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Norway willing to provide civil marriage registration for Israelis

Since sole authority over marriage and divorce resides with religious authorities, many couples who opt for a non-religious ceremony or seek an alternative overseas but due to pandemic, that option is beyond their reach

Kobi Nahshoni |
Published: 10.29.20 , 22:32
Norway has indicated it would agree to conduct marriage registrations for Israelis in its Tel Aviv embassy provided Israel's Interior Affairs and Justice ministries give their approval.
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  • The announcement came following a request by the Foreign Ministry that was made to a number of countries for the service but only Norway has thus far agreed.
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    (Photo: Shutterstock)
    There is no legal impediment to register marriages at the embassy under international law, but because of the sensitive nature of civil marriage in Israeli politics, the Norwegian government requested an official approval.
    The initiative to provide marriage registration for Israelis who opt for a non-religious ceremony or those turned away be the rabbinate, now unable to travel abroad because of the coronavirus pandemic, was the initiative of the chairperson of the Knesset Internal Affairs and Environment Committee Miki Haimovich who said she would now be seeking the approval of the Minister of Interior, Aryeh Deri and of Attorney General Avichai Mandelblit.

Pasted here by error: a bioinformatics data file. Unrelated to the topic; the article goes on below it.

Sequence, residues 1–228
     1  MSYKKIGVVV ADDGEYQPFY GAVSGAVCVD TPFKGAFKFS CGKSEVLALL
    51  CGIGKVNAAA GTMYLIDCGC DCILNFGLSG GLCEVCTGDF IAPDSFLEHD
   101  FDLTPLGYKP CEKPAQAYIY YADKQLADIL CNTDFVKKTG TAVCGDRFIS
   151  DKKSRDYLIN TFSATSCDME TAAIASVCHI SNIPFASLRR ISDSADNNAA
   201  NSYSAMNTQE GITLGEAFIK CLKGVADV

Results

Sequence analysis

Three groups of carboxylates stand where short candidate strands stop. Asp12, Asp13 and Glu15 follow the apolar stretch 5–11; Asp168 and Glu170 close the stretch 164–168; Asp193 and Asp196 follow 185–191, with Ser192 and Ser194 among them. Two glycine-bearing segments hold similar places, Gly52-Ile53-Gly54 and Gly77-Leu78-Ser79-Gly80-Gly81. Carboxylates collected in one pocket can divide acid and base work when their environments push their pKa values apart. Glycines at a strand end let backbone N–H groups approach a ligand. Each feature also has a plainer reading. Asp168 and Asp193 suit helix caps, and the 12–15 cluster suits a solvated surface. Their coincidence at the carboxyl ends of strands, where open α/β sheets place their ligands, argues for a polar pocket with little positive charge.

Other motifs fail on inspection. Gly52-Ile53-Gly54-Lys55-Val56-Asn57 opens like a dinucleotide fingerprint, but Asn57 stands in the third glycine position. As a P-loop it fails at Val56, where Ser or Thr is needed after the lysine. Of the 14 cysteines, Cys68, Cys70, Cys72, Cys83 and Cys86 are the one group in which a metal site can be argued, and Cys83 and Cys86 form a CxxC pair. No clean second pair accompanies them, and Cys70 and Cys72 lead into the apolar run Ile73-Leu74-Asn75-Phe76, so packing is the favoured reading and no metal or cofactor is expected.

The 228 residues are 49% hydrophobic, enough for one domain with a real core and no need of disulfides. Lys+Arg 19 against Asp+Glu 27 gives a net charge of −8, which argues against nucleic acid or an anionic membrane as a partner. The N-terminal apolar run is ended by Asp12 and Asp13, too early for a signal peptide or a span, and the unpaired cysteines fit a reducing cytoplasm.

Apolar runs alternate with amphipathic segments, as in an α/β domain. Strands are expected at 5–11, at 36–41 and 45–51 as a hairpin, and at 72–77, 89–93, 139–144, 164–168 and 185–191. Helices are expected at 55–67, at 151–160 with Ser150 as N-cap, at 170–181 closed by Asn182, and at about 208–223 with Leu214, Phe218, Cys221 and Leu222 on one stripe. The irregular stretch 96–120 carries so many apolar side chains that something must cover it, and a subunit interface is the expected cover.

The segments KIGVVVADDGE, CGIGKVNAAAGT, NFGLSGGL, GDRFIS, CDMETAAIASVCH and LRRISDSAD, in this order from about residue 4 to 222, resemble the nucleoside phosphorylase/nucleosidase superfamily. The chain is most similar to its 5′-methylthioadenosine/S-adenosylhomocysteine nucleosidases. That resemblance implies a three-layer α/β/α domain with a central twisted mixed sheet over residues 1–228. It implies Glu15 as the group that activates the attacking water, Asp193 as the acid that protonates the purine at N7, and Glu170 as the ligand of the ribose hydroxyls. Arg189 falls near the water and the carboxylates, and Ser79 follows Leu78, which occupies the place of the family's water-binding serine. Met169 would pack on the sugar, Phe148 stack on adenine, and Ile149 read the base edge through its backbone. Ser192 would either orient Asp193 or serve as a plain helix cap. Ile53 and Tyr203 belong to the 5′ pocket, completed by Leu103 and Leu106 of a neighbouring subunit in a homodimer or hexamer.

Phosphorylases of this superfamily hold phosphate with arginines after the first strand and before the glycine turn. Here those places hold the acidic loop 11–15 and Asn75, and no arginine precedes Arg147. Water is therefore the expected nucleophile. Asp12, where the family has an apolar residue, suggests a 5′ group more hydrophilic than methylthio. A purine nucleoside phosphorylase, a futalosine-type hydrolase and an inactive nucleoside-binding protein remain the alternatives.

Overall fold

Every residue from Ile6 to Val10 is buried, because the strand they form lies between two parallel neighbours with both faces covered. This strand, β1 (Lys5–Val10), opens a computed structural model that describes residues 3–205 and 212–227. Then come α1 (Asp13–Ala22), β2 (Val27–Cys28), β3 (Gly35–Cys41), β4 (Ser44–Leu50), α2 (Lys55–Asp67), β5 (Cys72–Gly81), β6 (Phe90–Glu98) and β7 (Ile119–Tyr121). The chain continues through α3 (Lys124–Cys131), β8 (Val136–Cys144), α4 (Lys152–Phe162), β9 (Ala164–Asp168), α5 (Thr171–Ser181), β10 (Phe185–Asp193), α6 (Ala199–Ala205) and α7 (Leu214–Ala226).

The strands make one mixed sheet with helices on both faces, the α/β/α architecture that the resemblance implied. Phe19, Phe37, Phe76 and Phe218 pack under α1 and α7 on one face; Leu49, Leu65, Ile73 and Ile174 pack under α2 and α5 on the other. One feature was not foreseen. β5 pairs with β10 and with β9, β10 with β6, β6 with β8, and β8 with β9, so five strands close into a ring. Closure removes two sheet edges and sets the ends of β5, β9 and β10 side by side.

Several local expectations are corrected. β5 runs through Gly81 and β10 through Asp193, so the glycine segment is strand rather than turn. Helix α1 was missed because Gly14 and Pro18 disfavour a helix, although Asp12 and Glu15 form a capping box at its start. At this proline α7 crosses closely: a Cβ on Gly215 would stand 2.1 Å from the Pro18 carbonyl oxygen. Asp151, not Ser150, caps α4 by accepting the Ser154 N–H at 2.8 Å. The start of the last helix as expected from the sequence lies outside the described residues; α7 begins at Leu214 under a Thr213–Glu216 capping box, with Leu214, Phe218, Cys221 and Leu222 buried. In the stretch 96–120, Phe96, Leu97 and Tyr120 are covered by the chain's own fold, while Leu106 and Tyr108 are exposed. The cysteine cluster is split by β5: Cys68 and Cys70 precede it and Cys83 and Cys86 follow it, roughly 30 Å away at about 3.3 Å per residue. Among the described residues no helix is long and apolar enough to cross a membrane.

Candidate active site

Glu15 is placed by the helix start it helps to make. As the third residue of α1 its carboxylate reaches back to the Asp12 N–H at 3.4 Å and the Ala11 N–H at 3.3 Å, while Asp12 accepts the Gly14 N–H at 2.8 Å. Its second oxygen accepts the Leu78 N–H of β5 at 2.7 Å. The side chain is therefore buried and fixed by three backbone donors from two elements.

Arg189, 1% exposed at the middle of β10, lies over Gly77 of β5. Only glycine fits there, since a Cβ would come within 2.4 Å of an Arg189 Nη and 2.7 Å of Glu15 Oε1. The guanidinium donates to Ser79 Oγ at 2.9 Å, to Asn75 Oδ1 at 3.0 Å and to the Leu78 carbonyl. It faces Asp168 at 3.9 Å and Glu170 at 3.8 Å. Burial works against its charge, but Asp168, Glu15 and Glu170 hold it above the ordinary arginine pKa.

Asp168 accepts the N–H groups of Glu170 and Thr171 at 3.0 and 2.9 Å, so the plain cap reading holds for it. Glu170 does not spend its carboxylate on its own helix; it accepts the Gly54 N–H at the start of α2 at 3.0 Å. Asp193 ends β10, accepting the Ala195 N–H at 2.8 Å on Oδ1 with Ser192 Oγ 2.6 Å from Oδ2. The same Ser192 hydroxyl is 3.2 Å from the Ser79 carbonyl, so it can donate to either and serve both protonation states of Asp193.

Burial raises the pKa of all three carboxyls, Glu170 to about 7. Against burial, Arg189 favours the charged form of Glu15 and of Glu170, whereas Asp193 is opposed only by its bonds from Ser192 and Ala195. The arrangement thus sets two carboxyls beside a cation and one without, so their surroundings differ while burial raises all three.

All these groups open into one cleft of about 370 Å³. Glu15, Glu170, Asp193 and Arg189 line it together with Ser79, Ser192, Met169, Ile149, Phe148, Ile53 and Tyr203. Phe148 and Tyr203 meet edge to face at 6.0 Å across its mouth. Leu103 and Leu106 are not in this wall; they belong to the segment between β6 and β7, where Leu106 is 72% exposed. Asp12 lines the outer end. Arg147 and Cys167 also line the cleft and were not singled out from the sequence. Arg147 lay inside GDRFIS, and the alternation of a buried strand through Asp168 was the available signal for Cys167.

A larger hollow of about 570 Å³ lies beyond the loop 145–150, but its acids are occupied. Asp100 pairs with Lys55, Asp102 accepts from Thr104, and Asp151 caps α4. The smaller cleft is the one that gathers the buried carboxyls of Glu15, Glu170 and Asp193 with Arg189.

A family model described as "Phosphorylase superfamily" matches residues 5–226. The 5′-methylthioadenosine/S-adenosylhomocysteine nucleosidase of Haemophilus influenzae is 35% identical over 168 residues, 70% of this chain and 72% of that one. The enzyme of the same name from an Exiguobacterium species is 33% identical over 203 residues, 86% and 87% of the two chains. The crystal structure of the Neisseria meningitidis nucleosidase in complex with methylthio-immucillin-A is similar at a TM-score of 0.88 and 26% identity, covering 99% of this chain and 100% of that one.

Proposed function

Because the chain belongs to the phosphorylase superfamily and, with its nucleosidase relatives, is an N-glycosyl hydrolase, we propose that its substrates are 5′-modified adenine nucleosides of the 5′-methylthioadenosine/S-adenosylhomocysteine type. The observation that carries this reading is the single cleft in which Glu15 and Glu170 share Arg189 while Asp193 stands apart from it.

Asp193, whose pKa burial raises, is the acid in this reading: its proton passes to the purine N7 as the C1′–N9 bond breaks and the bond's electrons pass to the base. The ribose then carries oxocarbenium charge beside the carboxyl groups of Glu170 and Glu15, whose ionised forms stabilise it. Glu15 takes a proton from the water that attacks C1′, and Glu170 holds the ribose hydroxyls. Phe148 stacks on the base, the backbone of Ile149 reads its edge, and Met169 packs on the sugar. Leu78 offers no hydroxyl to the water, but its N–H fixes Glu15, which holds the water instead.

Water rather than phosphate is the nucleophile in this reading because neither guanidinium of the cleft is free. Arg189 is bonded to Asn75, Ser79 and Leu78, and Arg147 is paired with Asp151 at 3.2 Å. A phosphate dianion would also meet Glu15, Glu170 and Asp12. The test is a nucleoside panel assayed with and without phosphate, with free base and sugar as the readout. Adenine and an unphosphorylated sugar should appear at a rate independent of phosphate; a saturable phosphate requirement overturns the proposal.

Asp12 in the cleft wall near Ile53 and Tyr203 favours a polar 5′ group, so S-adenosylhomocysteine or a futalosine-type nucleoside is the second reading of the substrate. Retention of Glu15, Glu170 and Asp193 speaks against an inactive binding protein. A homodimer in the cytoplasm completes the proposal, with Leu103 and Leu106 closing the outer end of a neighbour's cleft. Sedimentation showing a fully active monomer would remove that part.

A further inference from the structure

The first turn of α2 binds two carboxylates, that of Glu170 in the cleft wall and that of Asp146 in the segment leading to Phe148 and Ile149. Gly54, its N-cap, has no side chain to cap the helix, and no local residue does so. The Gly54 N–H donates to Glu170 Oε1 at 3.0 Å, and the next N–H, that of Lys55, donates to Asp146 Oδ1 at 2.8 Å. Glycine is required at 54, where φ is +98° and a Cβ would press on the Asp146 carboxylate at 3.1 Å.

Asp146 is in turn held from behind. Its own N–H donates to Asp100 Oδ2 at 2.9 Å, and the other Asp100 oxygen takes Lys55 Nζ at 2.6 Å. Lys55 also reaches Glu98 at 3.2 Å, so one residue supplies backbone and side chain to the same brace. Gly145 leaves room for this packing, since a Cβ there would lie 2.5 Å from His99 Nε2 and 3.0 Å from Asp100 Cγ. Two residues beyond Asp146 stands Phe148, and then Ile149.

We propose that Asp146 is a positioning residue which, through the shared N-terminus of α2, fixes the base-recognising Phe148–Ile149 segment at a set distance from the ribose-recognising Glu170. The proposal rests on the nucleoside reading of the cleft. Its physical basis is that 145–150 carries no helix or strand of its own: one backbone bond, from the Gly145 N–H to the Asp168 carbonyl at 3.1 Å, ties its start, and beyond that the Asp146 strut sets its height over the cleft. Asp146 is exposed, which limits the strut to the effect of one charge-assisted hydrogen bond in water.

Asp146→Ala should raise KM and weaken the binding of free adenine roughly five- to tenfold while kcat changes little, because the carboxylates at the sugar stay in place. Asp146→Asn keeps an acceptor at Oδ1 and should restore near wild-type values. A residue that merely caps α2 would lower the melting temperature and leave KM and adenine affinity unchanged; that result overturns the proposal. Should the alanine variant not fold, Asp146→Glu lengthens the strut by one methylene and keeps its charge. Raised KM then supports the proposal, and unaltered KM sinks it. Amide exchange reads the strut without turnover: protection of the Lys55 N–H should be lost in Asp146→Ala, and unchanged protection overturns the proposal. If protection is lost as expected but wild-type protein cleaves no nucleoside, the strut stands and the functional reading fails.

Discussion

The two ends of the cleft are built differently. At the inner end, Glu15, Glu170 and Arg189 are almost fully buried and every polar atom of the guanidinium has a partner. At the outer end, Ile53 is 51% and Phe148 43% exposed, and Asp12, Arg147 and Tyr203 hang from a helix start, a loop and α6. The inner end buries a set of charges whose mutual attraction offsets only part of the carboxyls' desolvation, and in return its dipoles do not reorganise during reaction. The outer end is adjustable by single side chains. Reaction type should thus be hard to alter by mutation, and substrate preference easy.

ועדת הפניםועדת הפנים
    Chairperson of Knesset's Internal Affairs and Environment Committee MK Miki Haimovich
    (Photo: Knesset channel)
    Haimovich said she has received hundreds of requests for assistance from Israelis unable to marry in Israel for various reasons as well as those opting for a non-religious ceremony.
    "This is a basic right that must not be denied in a democracy and especially in these difficult times," she said.
    Under Israeli law marriage and divorce resides with religious authorities but a growing number of couples have opted not to involve the rabbinate in their personal lives.
    אריה דרעי אריה דרעי
    Interior Affairs Minister and leader of the ultra-Orthodox Shas party Aryeh Deri
    (Photo: Alex Kolomoisky)
    Many also find they are turned away by rabbinical authorities on the basis of Jewish law and have only a civil option if they want to wed. Among them come from families who have immigrated to Israel from former Soviet republics and cannot provide the rabbinate with the required proof of their Judaism.
    Haimovich was backed by Likud MK Sharren Haskel who has tabled a law that would ensure marriage registration conducted in a foreign embassy would be recognized by the state. Haskel said the law would prevent political interests from interfering in the choice of citizens.

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